When you get a chance to check out the new project over at USA Network. It’s a group of photographers going out into America and checking out the character of the nation. It’s not a TV show - which I’m entirely thankful for - but it will be a traveling exhibition and there will be a book.

There is one photographer in particular who’s video is especially good in my opinion. Check out Anna Mia Davidson’s work on farmers up in Washington that have committed to organic farming. The video does a better job in explaining what she is doing, and why, than the other photographers that I viewed. Looks like and overall interesting project from some good image makers.

Wednesday, March 04, 2009

Large Format Rejection

Here are some examples of the learning curve associated with moving into large format. I found this site not far from my house one evening just as the light was going down. I got up early the next morning to shoot again and decided to take the QL film I had and see what I could do with color. I also wanted to see how easy it would be to get it developed at my favorite lab.

When I got the film back there was an obvious light leak as well as dead space that I had a difficult time figuring out. With large format I’m still getting the process down and when mistakes like this happen it can be difficult to troubleshoot. And as much as I dislike electronics, my background in troubleshooting makes this a bit easier for me to break down to find the cause. It’s one of the rare times when I am methodical.

Anyway, I was shooting some Type 55 on Saturday (images to come) and I was having the same issue. I wasted two sheets of this valuable stuff before I saw that I wasn’t getting the packet properly seated once I made the image. Sure enough... light leak. One problem solved but I should have done it before I went out that morning.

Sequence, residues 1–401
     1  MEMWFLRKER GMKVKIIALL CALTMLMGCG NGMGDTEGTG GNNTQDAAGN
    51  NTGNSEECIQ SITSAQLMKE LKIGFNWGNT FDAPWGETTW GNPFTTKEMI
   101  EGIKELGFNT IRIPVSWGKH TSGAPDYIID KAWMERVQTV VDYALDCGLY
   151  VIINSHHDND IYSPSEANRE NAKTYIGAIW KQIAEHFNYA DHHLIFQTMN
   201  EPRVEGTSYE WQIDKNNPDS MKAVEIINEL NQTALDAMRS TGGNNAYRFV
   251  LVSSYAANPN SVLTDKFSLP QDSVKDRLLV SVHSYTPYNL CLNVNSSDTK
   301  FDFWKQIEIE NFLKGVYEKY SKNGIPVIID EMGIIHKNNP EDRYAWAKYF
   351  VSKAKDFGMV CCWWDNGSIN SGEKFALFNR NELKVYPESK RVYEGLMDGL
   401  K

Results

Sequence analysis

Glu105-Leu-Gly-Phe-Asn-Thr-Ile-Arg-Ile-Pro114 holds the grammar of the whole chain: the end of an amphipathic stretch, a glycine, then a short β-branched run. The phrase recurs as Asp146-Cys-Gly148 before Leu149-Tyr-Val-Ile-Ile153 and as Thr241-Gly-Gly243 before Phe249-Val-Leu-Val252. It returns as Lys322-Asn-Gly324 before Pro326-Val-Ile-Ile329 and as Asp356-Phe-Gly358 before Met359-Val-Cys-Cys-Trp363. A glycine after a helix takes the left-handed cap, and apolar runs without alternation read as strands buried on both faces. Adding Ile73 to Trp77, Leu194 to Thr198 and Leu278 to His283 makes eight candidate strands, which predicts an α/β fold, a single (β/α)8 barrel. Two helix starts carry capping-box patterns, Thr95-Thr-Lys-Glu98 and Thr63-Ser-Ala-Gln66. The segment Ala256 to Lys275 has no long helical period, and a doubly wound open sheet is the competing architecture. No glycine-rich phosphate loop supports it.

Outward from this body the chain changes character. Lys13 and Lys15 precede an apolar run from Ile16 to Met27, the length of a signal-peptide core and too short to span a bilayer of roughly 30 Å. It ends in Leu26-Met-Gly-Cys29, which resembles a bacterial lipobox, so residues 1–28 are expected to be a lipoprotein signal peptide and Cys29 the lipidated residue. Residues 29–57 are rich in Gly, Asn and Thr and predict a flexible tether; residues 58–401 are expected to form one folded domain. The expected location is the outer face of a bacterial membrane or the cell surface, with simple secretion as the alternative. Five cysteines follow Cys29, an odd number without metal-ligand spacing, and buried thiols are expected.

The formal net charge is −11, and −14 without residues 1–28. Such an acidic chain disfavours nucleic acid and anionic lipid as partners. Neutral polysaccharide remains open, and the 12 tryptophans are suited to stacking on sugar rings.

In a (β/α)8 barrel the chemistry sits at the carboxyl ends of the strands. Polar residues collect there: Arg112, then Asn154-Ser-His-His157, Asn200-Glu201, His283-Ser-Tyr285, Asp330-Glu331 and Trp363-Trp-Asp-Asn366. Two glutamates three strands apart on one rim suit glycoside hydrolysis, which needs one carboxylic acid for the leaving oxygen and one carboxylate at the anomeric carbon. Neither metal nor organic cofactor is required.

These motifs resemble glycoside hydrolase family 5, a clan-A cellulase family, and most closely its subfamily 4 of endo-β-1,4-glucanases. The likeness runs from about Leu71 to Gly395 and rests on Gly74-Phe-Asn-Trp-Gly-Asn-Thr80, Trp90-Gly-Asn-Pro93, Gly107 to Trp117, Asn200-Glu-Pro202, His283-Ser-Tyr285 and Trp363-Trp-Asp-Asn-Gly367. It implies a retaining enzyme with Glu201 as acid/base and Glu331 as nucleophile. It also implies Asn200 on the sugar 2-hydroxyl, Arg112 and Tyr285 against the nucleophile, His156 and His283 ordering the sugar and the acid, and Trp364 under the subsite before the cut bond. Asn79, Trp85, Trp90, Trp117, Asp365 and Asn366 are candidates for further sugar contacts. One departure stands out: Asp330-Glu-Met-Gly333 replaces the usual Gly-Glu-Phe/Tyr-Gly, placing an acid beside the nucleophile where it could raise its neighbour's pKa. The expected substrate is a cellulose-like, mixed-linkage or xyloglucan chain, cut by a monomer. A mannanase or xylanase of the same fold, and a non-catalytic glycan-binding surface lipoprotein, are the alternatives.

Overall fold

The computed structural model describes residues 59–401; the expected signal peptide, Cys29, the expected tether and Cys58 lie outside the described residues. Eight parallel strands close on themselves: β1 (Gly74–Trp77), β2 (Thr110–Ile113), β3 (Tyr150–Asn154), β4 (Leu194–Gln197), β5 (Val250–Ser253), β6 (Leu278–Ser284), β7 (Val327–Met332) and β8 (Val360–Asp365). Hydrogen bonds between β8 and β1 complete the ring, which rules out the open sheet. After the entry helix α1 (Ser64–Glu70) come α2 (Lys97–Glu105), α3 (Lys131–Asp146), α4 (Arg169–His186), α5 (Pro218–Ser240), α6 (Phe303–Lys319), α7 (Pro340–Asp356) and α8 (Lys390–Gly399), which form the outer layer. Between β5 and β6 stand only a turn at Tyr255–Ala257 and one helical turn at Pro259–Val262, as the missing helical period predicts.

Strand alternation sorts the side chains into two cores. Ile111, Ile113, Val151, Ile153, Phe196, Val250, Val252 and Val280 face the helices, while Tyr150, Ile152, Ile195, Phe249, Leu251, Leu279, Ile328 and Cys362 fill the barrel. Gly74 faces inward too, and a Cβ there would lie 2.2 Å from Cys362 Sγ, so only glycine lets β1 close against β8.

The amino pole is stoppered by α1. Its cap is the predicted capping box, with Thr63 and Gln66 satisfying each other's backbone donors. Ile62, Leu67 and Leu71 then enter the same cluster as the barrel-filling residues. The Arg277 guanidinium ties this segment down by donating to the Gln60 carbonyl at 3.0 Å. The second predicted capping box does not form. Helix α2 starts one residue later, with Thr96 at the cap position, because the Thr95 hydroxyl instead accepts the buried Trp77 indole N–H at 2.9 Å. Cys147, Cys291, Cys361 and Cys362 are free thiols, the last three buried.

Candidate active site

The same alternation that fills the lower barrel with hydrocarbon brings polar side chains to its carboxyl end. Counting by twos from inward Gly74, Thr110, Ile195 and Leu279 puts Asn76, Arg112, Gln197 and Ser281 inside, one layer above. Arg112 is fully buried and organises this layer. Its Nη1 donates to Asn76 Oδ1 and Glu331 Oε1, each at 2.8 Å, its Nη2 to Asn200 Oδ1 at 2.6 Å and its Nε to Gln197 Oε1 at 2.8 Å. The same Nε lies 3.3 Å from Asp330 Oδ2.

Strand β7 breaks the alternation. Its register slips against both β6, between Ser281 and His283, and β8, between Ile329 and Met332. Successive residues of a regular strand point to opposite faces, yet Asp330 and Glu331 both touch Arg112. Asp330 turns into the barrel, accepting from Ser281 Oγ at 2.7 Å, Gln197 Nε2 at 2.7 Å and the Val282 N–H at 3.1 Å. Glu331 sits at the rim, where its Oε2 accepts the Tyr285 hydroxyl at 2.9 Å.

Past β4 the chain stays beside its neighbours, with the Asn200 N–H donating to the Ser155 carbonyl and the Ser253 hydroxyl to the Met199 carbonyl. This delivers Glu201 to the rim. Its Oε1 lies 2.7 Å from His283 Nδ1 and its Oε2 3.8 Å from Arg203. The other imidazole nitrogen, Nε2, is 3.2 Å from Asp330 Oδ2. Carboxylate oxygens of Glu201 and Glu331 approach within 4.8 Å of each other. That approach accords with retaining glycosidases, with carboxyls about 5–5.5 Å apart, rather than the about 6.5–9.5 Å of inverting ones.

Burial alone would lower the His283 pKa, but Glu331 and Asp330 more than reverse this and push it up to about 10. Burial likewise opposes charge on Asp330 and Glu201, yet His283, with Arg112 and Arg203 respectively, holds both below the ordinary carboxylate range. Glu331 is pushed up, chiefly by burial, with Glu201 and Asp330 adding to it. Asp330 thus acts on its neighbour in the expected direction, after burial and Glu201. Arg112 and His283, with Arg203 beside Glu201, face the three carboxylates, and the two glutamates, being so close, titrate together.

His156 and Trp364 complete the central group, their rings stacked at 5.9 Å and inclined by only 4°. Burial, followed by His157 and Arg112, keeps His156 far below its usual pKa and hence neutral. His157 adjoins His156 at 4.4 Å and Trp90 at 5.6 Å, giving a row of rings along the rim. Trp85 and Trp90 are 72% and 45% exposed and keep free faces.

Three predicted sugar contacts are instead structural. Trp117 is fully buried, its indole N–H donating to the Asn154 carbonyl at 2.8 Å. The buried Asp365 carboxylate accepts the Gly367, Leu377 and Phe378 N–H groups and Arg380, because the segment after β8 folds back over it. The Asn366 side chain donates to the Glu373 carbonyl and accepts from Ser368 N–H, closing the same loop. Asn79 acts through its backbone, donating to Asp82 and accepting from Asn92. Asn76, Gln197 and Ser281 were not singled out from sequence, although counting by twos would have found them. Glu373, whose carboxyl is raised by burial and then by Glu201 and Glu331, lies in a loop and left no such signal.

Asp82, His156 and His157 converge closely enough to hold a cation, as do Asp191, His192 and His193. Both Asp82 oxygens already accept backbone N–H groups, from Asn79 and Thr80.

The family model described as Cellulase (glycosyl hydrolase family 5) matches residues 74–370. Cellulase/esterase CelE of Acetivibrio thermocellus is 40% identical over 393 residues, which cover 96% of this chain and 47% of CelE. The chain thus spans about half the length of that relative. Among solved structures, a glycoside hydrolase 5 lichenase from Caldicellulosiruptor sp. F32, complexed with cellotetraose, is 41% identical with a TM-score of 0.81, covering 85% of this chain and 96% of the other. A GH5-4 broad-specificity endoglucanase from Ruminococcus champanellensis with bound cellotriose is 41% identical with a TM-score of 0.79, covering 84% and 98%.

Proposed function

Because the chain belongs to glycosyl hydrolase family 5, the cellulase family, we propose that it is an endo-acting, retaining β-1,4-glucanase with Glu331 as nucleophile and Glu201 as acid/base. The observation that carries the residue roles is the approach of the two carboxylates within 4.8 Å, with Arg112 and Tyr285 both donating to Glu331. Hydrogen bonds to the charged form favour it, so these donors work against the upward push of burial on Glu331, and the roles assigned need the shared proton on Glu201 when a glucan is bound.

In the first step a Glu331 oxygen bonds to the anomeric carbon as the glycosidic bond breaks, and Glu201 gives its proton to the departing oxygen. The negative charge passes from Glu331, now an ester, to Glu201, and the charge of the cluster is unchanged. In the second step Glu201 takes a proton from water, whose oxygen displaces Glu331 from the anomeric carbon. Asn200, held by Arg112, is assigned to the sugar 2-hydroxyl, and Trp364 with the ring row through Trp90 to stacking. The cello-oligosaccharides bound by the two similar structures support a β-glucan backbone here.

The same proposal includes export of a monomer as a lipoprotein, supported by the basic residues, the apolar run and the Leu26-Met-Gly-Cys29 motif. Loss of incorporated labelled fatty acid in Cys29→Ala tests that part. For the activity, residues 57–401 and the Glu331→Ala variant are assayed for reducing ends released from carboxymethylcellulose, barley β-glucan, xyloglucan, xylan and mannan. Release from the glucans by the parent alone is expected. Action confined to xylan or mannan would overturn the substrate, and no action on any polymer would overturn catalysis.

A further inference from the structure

The other issue is lost likely a result of not puling out the packet far enough. Both images that show this have the exact same of unexposed film so I think that is the cause. I’ll make sure I pull the packet out all the way in the future. So now you know the other reason I had to crop this image.

Tuesday, March 03, 2009

Headed To Shanghai

I’m presently sitting in seat 13G on an American Airlines flight to Tokyo headed ultimately to Shanghai. That’s 5451 miles to Tokyo from LA and another 1119 miles from Tokyo to Shanghai. That’s a lot of miles no matter how you look at it.

In my bag is one Leica, two lenses, 8 rolls of Provia 100 and 16 rolls of black and white film. That’s 864 images to be made and the goal is to shoot all 864 frames this week. That’s about 123 images a day; approximately 3 rolls of film over the 7 days. Of course I don’t have an actual 7 days since I just crossed the international date line (I can see it on the flight map). It’s an exercise of making myself shoot, see and find out if I can make an image that resonates with me.

I like the word resonate. It means something to me I can’t quite identify but I know when I feel it and when one of my images resonates (at least for me)... for that matter when any image resonates.

Here is an image that doesn’t resonate. It’s a poor attempt with the Chamonix and it required a crop. I studied under Jack Corn, a renowned documentary photographer in the 50’s and 60’s, who taught me to frame in the camera. I’ve never really shaken that, especially when I shoot 35mm.

But LF allows for some of that and it’s going to make me come out of a comfort zone and basically learn to shoot in a very different manner. I’ll still try to compose in camera - why lose the real estate - but will be more open to other arrangements.

This image is an example of that. I really enjoy panoramic images. This image was something I just saw in a panorama when I was setting up. I couldn’t get close enough because of a fence to cut out the cloudless sky, nor did I have a lens that would have brought anything closer. So here it is. My second posted LF image which really isn’t. Taken on Portra 160VC with a Fuji QL holder which is another post altogether and another reason I had to crop.